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Exclusive: Airfares up in 2023, despite ACCC warning to airlines

written by Adam Thorn | January 19, 2024

Victor Pody shot these Qantas and Virgin 737-800s.

Domestic airfares in Australia actually rose in 2023 – despite the ACCC warning airlines to lower prices over a year ago.

Analysis of BITRE data released by the Department of Transport shows the average monthly index price of standard economy tickets increased from an average of 75.1 to 81.4.

In December 2022, the competition watchdog said in one of its last quarterly reports into the aviation industry that it was “expecting” prices to go down in the following 12 months. It also warned airlines to increase the number of services to facilitate cheaper flying.

However, the sector was subsequently affected by rising inflation and the price of jet fuel unexpectedly rising in the latter half of last year, which had previously been coming down.

Airlines also responded to the ACCC’s findings by significantly increasing the number of services and putting more large jet aircraft in the skies.


BITRE’s domestic airfare index monitors changes over time in the price of Australian air travel. The current system began in October 1992 and is presented as a price index in various fare classes, based on the top 70 routes.

BITRE defines the best discount as the cheapest fare available, excluding baggage surcharges, and covers Qantas, Virgin, Jetstar and Rex.

The ACCC, though, in its quarterly reports, was able to monitor both BITRE data and its own figures obtained directly from airlines, giving an unparalleled insight into the situation.

Those reports were discontinued by the Morrison government but will restart after a decision by the current Labor Transport Minister, Catherine King.

The ACCC’s last report, published in June 2023, noted that prices had “generally fallen” in recent months but was able to come to that analysis using its own data that uniquely referenced inflation-adjusted real prices.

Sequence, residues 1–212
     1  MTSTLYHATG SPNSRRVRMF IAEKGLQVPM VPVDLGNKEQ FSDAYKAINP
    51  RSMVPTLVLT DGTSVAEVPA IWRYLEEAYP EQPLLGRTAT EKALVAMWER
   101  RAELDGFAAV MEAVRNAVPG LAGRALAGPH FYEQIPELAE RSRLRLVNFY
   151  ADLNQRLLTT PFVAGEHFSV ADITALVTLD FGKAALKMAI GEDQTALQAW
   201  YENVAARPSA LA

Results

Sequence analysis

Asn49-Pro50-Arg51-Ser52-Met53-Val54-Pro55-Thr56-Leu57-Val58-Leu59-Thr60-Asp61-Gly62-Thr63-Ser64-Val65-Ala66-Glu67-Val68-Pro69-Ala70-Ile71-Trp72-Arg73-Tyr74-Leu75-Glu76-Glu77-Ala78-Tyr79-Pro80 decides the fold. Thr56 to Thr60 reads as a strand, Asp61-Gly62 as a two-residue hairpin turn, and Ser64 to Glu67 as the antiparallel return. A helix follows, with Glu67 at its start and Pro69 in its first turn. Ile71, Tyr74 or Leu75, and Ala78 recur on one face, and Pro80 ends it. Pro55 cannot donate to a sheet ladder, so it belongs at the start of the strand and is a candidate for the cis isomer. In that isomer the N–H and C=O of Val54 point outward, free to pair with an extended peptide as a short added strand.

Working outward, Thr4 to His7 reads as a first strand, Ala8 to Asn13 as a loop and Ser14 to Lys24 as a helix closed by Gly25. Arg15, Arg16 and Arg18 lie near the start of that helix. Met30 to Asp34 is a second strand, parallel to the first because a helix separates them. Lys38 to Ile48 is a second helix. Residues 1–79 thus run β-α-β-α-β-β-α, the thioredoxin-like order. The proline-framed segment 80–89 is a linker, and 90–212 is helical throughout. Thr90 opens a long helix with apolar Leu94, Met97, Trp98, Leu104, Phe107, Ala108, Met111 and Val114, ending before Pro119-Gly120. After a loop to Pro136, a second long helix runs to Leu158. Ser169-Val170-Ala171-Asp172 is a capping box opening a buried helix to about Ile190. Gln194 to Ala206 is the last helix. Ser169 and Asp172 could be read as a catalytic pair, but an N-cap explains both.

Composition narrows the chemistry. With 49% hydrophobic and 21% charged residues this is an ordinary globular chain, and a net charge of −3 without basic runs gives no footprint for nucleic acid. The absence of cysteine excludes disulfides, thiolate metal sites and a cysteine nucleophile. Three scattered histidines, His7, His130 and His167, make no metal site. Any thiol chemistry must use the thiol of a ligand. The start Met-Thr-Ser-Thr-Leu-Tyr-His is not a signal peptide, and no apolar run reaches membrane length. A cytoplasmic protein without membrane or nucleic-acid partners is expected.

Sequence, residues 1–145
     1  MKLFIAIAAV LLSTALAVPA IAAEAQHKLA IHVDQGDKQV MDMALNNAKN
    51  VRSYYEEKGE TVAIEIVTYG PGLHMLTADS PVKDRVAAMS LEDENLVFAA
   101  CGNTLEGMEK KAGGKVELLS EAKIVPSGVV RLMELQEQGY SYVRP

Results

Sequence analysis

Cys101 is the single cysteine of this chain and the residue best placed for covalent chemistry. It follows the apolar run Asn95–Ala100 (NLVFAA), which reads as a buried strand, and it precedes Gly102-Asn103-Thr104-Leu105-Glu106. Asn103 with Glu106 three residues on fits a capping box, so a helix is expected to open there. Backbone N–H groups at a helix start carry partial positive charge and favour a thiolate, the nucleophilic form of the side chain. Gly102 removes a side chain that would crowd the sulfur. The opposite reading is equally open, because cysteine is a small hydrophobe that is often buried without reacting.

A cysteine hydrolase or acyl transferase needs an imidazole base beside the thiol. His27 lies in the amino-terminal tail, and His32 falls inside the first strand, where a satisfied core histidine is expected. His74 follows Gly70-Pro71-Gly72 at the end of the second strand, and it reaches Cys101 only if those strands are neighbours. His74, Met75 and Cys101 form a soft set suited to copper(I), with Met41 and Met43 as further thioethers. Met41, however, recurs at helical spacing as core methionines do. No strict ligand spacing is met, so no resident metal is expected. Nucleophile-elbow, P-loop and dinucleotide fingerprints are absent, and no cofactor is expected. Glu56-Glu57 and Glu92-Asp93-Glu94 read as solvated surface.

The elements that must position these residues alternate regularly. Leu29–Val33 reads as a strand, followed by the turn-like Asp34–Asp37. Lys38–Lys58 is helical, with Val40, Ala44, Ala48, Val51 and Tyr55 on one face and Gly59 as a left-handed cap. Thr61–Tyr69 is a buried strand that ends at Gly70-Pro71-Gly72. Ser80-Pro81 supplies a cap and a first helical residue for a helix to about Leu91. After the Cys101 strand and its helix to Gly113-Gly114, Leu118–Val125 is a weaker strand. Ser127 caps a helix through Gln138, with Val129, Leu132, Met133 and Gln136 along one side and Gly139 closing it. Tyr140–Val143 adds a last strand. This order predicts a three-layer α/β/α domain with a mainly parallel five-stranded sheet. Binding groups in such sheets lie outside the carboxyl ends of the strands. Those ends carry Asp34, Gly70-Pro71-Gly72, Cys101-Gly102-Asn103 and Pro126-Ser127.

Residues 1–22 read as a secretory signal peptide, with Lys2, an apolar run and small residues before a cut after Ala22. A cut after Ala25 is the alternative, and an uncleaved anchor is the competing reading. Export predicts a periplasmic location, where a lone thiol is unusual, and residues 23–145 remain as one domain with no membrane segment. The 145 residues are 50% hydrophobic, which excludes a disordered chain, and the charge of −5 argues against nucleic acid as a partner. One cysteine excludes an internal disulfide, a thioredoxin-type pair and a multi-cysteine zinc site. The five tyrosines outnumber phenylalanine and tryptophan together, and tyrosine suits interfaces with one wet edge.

Its last report noted a key reason for the then fall was the decline in the price of jet fuel, which has subsequently gone up.

The resumption of ACCC aviation monitoring was one of the key recommendations from the recent Senate Select Committee on Commonwealth Bilateral Air Service Agreements, chaired by Nationals Senator Bridget McKenzie.

King and Treasurer Jim Chalmers took a swipe at the previous Morrison government for what they said was an inadequate response to the ACCC’s previous monitoring regime, which ended in June, saying they have found “a better way” to restart it.

“The 12 reports under the previous government found declining service standards and higher prices but were not acted on.

“In contrast, the Albanese Government will use ACCC monitoring to help inform the Aviation White Paper which is setting the policy direction for the sector out to 2050.

“We will ensure healthy competition plays a key role in shaping the future of the sector.”

The government last month released a Green Paper to gather feedback ahead of next year’s White Paper, which will set the official policy direction for the aviation sector to 2050.

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Comments (3)

  • I am concerned about the activities of the ACCC; whilst I accept and agree that we must have competition to avoid monopolies I believe that the ACCC has and is acting beyond it’s charter, that of seeking and maintaining competition. Look back over recent times and see what companies have had their expansion/amalgamation actions destroyed by the ACCC, eg., ANZ/SUN not forgetting Qantas and Alliance and there are others too. Now we have the ACCC “advertising” for people to come forward and complain about QF and flight cancellations in obvious order to enhance their case against QF plus, in this article the ACCC “warning” airlines to lower their prices. I simply ask, who do they think they are? I believe they are out of order. I do accept that over the festive season we have all seen some hysterically outrageously over the top fare prices and I agree that the airlines should be held to account for them, where has fair trading been hiding? As for the ACCC, I believe that they are out of order and should be counselled accordingly, they are there to monitor the business, NOT to govern it.



      The ACCC can act on unconscionable conduct by any company they essentially are to there protect the public and or other businesses

      • Hi Mark, I understand your point. “Unconscionable conduct” is a statement or action that’s considered so harsh that it goes against good conscience. That is how the ACCC define it so in real terms, it is someone’s opinion and maybe not fact.

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